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Artist Profiles

Continuous Fats: May 21 to December 15, 2004

By Published: May 27, 2004
Fats Other Instrument: The Church Organ

"Fats was an important artist when it comes to the evolution of the organ as a jazz instrument", who wrote a course and lecture "The Jazz Organ Story", Chester Smith said by phone then e-mailed me the following:

"Fats Waller was not only a composer, he was a wonderful musician. A student of James P. Johnson, who was one of Harlem's great stride pianists took Fat's under his wings. This relationship was obviously a musical experience that would influence and impress marvelous attributes for the piano.

What about his organ playing? Well, Thomas "Fats" Waller switched regularly from piano to pipe organ. In 1909-1910 Fat's started to accompany his parents his family's singing on the harmonium a small reed pump organ on street corners sermons when he was 5 or 6 years old. At an early age young Thomas was learning the mechanical differences between the organ and piano. In 1919, the 15 year-old Fats became friendly with Mazie Mullins, the organist at Harlem's Lincoln Theater. That friendship allowed Fats to learn about more pipe organs which were going through a major transition. Later he assumed responsibility for playing accompaniment to the theaters live vaudeville shows.

However, Fats Waller's pipe organ recordings of 1926 have a unique place in the evolution of the pipe organ as a jazz instrument. During this period no other figure made so many jazz recordings on the pipe organ, establishing Fats himself as grandfather of the jazz organ. Fats Waller gigged at the Lincoln theater playing a Wurlitzer pipe organ or on a Robert Morton at the Lafayette theater, also playing stride piano throughout Harlem. He made an annual appearance at the Paramount organ in Times Square. Fats also gave Basie organ lessons at Harlem's Lincoln Theater.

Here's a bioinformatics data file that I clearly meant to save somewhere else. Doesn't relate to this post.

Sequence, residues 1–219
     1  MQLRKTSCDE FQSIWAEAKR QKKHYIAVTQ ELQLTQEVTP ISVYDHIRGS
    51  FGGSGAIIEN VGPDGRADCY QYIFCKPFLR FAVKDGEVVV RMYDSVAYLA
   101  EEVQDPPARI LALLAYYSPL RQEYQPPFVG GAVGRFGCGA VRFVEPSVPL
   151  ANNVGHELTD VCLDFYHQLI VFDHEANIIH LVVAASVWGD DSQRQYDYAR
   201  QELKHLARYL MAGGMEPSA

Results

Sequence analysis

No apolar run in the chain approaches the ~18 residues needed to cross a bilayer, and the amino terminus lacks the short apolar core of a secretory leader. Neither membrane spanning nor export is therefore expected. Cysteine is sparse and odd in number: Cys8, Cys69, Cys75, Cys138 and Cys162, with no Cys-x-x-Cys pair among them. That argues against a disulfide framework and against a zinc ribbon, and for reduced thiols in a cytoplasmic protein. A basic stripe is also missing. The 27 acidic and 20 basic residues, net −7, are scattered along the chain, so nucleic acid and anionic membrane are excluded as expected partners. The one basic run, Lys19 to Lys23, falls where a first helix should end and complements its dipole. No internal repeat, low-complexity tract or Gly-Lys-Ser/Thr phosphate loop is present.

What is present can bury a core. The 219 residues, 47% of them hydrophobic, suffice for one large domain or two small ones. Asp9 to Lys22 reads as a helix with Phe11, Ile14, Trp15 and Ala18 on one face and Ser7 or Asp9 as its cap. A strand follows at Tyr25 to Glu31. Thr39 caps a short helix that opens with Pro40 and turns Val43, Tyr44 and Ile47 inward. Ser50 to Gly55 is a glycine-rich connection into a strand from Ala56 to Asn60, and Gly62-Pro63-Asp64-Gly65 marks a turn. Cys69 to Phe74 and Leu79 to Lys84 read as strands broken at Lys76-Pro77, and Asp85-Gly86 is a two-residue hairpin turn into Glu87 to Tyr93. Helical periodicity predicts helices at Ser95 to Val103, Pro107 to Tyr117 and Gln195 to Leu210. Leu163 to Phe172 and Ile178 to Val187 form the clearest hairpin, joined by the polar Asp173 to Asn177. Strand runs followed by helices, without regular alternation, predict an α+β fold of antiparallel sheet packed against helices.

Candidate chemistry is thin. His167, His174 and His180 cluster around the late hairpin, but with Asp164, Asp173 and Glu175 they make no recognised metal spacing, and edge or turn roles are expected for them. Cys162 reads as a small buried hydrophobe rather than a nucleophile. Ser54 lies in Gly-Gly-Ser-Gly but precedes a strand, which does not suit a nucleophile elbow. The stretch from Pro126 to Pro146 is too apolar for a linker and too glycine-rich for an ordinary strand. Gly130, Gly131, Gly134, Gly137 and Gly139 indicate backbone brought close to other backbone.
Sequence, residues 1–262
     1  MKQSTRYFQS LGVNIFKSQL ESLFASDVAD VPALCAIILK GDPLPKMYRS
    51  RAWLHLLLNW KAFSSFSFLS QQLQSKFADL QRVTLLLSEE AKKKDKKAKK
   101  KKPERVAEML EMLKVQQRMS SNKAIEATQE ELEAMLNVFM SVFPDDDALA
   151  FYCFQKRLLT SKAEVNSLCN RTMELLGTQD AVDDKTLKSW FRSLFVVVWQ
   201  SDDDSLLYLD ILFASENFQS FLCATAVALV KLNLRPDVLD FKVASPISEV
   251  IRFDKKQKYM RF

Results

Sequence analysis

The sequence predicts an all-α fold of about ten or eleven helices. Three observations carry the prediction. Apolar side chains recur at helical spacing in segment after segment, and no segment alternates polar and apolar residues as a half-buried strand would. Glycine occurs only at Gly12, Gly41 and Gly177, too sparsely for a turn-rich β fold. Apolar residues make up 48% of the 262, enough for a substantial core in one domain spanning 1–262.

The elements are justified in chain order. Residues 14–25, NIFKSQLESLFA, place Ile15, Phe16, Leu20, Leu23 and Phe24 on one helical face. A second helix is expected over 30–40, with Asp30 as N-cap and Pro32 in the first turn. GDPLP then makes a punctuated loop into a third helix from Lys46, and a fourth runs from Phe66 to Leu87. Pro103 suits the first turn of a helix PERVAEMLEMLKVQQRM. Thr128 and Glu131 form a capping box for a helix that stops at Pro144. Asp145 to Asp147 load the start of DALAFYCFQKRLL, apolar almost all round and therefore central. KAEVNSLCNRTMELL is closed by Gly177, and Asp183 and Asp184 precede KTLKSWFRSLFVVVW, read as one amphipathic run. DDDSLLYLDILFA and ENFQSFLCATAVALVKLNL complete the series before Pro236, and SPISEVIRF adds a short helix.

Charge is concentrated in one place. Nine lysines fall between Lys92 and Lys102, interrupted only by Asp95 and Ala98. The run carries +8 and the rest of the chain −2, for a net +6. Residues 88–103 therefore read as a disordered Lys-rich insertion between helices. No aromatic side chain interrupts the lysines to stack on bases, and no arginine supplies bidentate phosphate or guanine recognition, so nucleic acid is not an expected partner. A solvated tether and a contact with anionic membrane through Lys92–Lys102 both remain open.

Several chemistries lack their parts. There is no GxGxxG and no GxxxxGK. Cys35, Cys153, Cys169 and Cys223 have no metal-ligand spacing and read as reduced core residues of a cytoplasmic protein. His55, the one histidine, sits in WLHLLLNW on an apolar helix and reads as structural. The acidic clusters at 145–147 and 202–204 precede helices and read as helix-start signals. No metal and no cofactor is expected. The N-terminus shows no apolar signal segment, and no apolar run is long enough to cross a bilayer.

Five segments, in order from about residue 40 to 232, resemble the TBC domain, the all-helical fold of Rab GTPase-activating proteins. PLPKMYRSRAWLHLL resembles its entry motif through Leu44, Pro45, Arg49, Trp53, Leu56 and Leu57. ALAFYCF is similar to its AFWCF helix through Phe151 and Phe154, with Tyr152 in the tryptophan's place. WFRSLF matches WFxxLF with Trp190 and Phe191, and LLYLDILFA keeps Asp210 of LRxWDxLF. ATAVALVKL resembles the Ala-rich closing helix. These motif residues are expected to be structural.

Fats Waller devised independent and unorthodox solutions to making the pipe organ swing based on a traditional approach. His striding technique adapted well and produced a syncopation not heard on the pipe organs.

There were three important elements to Waller's organ style of swing:

  1. He created swing by striding the bass pedals on beats 1 and 3.
  2. Fats played chords with his left hand on all 4 beats.
  3. That gave his right hand the freedom to take full advantage of the melodic line.
Fats Waller did not play walking bass lines we recognized today. The bass lines played by Waller were adapted through his stride piano style. Playing the bass on beats 1 & 3 usually consist of tones 1 & 5 of the major scale. The 4 to the bar drive created momentum by the left-hand rapping out the chord on every beat. Playing a chord on every beat is an important rhythmic element in jazz. Well, Dan, as you can see I'm passionate about such things."

For more check out Chester Smith's website: .

Additional interviews and "Fats Facts" to follow soon.

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